Run the provided script (see next step).

UV Raw, UV-A, UV-B and UV index values and other information are displayed on the serial monitor.

The measured the UV index is "spoken" by the LBT. The VEML6075 is calculating the UV index very precise, but as "point" is missing in the set of words of the LBT, values are given as:
"level" - value (as whole number, "zero" to "twelve") - "high"/"low" (if remainder is above or below 0.5), which should be good enough for most applications.

You may change the script to change how often measurements are taken and what is measured and send to the serial monitor. With a bit of programming you even may define threshold levels for a "warning" (LBT: 148/0x94), "alert" (LBT: 143/0x8f) or "alarm" (LBT: 142/0x8e).

To measure the maximum UV level you have to direct the sensor directly to the sun!

Step 3: The Script

To large extent, the script is a compilation of the work of others I would like to thank.

I used the VEML6075 script taken from 14core,, where you also can download the required VEML6075 library.

Another option would be the script and library by schizobovine:

My script basically takes a measurement, does a bit of number interpretation and tells the Little buddy Talker which words to speak. As every of the 254 words on the LBT has an index number, e.g. 209 or 0xd1 for "level", you just have to send these numbers. Concerning the UV index values (0 to 12) I used the 'map' function to 'translate' the values to the words "zero" (54, 0x 36) up to "twelve" (66, 0x42).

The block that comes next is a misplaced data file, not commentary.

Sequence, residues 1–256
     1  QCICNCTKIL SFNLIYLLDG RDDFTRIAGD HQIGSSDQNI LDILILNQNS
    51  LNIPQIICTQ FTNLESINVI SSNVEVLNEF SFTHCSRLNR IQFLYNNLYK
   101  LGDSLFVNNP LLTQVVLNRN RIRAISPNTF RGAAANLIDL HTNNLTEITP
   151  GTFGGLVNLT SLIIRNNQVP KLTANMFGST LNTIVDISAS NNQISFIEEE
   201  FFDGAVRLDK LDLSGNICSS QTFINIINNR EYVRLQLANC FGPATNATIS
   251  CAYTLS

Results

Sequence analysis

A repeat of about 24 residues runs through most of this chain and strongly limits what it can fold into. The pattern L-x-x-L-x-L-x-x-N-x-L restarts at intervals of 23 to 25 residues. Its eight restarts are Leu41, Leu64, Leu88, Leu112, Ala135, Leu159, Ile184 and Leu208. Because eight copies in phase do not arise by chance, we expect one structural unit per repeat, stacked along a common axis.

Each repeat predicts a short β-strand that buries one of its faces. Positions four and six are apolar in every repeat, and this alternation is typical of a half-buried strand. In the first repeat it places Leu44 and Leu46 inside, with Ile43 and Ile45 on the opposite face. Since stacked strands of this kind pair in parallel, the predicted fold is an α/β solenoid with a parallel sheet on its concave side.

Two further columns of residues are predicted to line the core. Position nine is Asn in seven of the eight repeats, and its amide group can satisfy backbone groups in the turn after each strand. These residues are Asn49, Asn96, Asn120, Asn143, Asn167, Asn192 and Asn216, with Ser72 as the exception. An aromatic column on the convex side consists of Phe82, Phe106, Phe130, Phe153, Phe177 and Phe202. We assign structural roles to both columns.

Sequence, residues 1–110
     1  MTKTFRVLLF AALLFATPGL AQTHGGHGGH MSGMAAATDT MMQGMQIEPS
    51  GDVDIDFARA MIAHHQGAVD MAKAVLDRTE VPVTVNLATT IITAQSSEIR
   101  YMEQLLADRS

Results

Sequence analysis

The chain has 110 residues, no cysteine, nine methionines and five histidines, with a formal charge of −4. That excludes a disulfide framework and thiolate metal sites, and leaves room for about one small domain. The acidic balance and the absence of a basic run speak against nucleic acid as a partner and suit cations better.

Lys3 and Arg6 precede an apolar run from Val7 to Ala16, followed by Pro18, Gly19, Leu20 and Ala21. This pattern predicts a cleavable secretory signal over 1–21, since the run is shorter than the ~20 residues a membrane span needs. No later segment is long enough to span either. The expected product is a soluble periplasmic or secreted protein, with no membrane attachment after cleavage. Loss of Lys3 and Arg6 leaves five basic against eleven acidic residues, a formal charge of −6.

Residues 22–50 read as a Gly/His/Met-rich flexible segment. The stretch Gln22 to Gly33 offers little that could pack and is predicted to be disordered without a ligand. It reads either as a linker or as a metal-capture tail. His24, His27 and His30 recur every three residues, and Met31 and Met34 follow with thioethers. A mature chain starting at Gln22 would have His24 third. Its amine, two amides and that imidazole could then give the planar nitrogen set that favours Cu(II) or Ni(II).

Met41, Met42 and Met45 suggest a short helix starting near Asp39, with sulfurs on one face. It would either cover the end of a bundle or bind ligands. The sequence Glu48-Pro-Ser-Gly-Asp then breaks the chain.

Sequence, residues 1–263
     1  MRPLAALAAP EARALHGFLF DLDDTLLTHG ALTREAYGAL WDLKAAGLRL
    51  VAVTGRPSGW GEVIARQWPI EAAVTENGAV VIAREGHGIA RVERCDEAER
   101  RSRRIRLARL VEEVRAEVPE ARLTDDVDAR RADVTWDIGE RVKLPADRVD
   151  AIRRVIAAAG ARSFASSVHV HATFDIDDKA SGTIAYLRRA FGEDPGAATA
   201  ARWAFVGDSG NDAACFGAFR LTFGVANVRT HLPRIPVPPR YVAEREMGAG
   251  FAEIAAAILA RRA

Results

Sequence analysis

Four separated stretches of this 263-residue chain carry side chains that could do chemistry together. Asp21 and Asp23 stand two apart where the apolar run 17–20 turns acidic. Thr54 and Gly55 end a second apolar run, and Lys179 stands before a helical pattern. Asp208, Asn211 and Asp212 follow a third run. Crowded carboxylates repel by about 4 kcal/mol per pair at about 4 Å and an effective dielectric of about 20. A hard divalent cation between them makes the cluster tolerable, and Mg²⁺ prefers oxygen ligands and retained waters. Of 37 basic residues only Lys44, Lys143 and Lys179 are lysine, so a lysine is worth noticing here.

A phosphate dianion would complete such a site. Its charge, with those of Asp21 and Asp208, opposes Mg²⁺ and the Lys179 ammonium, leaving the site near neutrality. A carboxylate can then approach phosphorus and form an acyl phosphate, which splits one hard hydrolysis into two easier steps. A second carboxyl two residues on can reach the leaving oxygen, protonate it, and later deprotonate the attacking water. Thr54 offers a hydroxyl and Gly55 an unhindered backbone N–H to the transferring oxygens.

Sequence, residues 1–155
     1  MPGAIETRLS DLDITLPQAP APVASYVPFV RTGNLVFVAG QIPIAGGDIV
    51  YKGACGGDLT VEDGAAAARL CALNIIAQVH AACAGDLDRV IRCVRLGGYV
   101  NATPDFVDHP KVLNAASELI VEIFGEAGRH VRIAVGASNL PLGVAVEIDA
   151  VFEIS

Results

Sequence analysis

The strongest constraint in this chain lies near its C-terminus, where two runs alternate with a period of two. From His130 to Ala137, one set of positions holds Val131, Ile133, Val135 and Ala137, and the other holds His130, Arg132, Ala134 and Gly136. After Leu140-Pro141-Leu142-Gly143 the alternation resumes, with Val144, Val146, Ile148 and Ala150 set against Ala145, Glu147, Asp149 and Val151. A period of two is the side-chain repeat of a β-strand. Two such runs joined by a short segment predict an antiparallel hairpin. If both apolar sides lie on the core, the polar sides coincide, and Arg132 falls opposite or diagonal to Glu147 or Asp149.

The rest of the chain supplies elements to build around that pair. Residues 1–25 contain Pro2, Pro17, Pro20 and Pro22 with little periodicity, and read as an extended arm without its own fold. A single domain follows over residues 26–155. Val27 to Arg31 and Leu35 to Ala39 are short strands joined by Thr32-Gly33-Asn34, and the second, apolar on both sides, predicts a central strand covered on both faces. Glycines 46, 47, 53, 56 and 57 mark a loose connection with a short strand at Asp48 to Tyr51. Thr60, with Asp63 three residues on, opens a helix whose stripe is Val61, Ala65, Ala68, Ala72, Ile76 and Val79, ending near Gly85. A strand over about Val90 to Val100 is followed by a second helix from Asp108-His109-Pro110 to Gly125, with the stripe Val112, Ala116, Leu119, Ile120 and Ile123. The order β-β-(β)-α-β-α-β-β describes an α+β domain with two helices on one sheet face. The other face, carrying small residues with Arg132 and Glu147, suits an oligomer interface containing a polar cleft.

As mentioned before, an UV index value as 4.3 is given as "four low" and 5.7 as "five high".

If you like to optimize the script, please have a look into the attached list of words contained in the LBT.

Step 4: Outlook

With a little additional effort it should be able to put all the pieces into a tiny box that would allow to measure the UV index where ever you go: while skiing, trekking, biking, having a picnic or at the beach.

An other option would be to place the sensor on a hat or cap and place the box with the electronics elsewhere.

Or to build a script that estimates the cumulative UV-dose you have received and tells you when you should leave for the shadow.

But never forget: Use sunscreen!!!

Step 5: Links and Additional Information

Below you find links to similar projects and further information on the topic:

DIY UV Meter With Arduino and a Nokia 5110 Display - - is a very nice instructable using more everyday components and also give a lot of background information.

Summer Is Coming! Let's DIY a Carry-on UV Detector - - describes a nice mobile solution in a box with an LED bar as indicator. It is based on the Seed Grove platform using a breakout with an SI1145 light sensor. This sensor does not actually measure UV but calculates the UV index from visible and IR light intensities.

Another project using a SI1145 outbreak is found at Adafruit - - offering the usual complete Adafruit solution. They even have a "Flora" of the sensor version you can fix on cloth.

Adafruit (and others) are also offering breakouts for the VEML6070 sensor. This sensor actually measures UV, but will give you precise measurement values, but not a easy to interpret UV index.

A lot of general information is found on the EPA Sunsafety website, e.g. at:

The data sheet for the VEML6075 can be found here:

And I would recommend to have a look on the following application sheet offering a lot of background information and from where I had taken the spectra images: